FreeBSD cmd line editor / text editor recommends?

FreeBSD cmd line editor / text editor recommends?

Post by Bria » Sat, 15 Jun 1996 04:00:00



I am running a 386-40, 8mb, FreeBSD 2.1.0 RELEASE

I am looking for some recommendations for a shell
that has a built in command line editor or a package
that I can add into an existing shell.

Also looking for a good text editor. That is one that
is tight, fast, small, non-bloated, inserts a line when
ya hit enter, deletes the previous character when ya
hit back space, goes to the next screen when ya hit page
down.....in other words a editor that works like the
millions of them that I used in MS-DOG/Windoze.

 
 
 

FreeBSD cmd line editor / text editor recommends?

Post by Stephan For » Sat, 15 Jun 1996 04:00:00


: I am running a 386-40, 8mb, FreeBSD 2.1.0 RELEASE

I use naerly the same config on one of my machines and never
had trouble....

: I am looking for some recommendations for a shell
: that has a built in command line editor or a package
: that I can add into an existing shell.

You could give tcsh a try. It is in the ports collection.
After you installed the port you can use the command chsh
to change your login shell.

: Also looking for a good text editor. That is one that
: is tight, fast, small, non-bloated, inserts a line when
: ya hit enter, deletes the previous character when ya
: hit back space, goes to the next screen when ya hit page
: down.....in other words a editor that works like the
: millions of them that I used in MS-DOG/Windoze.

Uuuaahha.... :-)

But if you still need this I guess that pico is the right one
for you. It is bundled with pine, a mail frontend. It's also
in the ports collection.

Regards, Stephan

--

Martin-Luther-Str. 55                     voice: +49 6131 581072  
55131 Mainz, Germany                      fax:   +49 6131 509251

 
 
 

FreeBSD cmd line editor / text editor recommends?

Post by Igor Vladim Roshch » Sun, 16 Jun 1996 04:00:00


: You could give tcsh a try. It is in the ports collection.
: After you installed the port you can use the command chsh
: to change your login shell.

Do not forget add it to /etc/shells.

: : Also looking for a good text editor. That is one that
: : is tight, fast, small, non-bloated, inserts a line when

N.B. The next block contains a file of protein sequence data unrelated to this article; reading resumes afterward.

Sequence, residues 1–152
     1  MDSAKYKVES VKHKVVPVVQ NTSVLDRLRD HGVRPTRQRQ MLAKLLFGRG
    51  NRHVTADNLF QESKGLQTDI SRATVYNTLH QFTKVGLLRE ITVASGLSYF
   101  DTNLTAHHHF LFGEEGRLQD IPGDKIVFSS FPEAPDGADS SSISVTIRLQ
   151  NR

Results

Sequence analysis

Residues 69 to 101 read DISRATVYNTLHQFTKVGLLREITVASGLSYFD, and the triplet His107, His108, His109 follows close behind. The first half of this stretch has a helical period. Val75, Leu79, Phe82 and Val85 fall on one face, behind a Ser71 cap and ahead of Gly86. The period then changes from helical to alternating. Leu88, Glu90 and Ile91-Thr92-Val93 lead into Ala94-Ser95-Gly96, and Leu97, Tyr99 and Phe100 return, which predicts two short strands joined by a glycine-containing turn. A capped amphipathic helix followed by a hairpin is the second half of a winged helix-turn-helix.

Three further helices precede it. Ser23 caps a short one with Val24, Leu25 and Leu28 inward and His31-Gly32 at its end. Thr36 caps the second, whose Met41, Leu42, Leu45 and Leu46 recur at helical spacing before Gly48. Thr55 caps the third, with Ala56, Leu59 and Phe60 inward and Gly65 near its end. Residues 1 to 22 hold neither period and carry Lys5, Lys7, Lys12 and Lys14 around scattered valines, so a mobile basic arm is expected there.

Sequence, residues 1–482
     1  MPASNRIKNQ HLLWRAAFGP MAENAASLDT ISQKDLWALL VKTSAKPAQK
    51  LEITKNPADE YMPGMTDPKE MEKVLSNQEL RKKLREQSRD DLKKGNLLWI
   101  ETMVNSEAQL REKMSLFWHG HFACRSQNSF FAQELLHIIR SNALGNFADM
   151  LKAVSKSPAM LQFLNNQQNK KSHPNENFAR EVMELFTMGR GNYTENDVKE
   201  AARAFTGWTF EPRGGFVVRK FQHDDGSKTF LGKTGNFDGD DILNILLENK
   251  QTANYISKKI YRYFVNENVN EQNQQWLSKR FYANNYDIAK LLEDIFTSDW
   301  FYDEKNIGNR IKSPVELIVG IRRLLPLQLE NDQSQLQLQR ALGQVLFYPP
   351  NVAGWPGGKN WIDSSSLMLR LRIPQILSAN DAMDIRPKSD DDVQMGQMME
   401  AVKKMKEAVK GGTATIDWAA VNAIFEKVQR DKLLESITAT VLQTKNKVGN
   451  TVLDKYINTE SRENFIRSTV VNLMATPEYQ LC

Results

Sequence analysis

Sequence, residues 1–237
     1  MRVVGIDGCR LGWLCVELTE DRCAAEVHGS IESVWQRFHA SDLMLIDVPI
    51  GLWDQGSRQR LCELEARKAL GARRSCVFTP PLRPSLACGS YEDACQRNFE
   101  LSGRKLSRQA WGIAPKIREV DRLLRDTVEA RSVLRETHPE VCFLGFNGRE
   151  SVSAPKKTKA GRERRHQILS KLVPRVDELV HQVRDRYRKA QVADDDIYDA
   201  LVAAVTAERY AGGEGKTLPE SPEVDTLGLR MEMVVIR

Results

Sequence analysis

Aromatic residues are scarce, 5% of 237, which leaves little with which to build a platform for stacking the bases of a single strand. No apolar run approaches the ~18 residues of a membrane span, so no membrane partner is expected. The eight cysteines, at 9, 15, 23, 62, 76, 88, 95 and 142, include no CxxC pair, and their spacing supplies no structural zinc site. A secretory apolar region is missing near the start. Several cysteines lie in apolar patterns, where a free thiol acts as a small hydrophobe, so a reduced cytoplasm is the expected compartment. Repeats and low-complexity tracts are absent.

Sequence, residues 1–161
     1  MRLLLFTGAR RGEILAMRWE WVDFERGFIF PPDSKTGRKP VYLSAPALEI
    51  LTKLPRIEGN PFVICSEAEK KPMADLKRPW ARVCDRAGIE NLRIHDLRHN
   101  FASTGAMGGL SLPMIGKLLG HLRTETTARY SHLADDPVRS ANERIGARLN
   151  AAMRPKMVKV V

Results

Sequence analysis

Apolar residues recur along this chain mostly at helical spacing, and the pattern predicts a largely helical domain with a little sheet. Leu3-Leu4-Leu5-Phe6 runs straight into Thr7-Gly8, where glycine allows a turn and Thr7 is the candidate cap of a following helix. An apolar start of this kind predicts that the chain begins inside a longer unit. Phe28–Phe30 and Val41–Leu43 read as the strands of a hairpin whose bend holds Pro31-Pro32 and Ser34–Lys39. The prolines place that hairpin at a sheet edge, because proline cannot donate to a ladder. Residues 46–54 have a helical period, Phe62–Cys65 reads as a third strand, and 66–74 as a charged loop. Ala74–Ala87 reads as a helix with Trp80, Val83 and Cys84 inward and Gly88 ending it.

: : ya hit enter, deletes the previous character when ya
: : hit back space, goes to the next screen when ya hit page
: : down.....in other words a editor that works like the
: : millions of them that I used in MS-DOG/Windoze.

: Uuuaahha.... :-)

: But if you still need this I guess that pico is the right one
: for you. It is bundled with pine, a mail frontend. It's also
: in the ports collection.

Usually it's included in pine-package as a separate binary

You can also try joe, which is compact version of emacs,
i.e. small enough and without unnecessary fancy features
like mailer, news-reader,psyciatrist (unlike emacs).

IgoR

 
 
 

FreeBSD cmd line editor / text editor recommends?

Post by J Wuns » Sun, 16 Jun 1996 04:00:00



Quote:> : You could give tcsh a try. It is in the ports collection.
> : After you installed the port you can use the command chsh
> : to change your login shell.

> Do not forget add it to /etc/shells.

The port or package should handle this automagically for you.

--
cheers, J"org


Never trust an operating system you don't have sources for. ;-)

 
 
 

FreeBSD cmd line editor / text editor recommends?

Post by J Wuns » Sun, 16 Jun 1996 04:00:00



> I am looking for some recommendations for a shell
> that has a built in command line editor or a package
> that I can add into an existing shell.

/bin/sh.  Type ``set -o emacs'' or shorter ``set -E'' to get the
command-line editor to work.

All the shells from the packages (bash, tcsh, zsh, ksh) do also
support this feature as well.

Quote:> Also looking for a good text editor.

Religous point.  Pick one out of the ``Editors'' section in the ports
collection (or packages), and see if it fits your needs.  (Don't pick
one of the Emacsen however, they will appear `bloated' in your eyes.
-- J?rg, typing this in FSF Emacs. :)

From your description, even /usr/bin/ee might fit.

--
cheers, J"org


Never trust an operating system you don't have sources for. ;-)

 
 
 

FreeBSD cmd line editor / text editor recommends?

Post by Ken Bigelo » Mon, 17 Jun 1996 04:00:00



> I am running a 386-40, 8mb, FreeBSD 2.1.0 RELEASE

> I am looking for some recommendations for a shell
> that has a built in command line editor or a package
> that I can add into an existing shell.

Try bash. It's available as a package in the dist.

Quote:

> Also looking for a good text editor. That is one that
> is tight, fast, small, non-bloated, inserts a line when
> ya hit enter, deletes the previous character when ya
> hit back space, goes to the next screen when ya hit page
> down.....in other words a editor that works like the
> millions of them that I used in MS-DOG/Windoze.

Try pico. Its packed with pine (also avaialble as a package in the dist.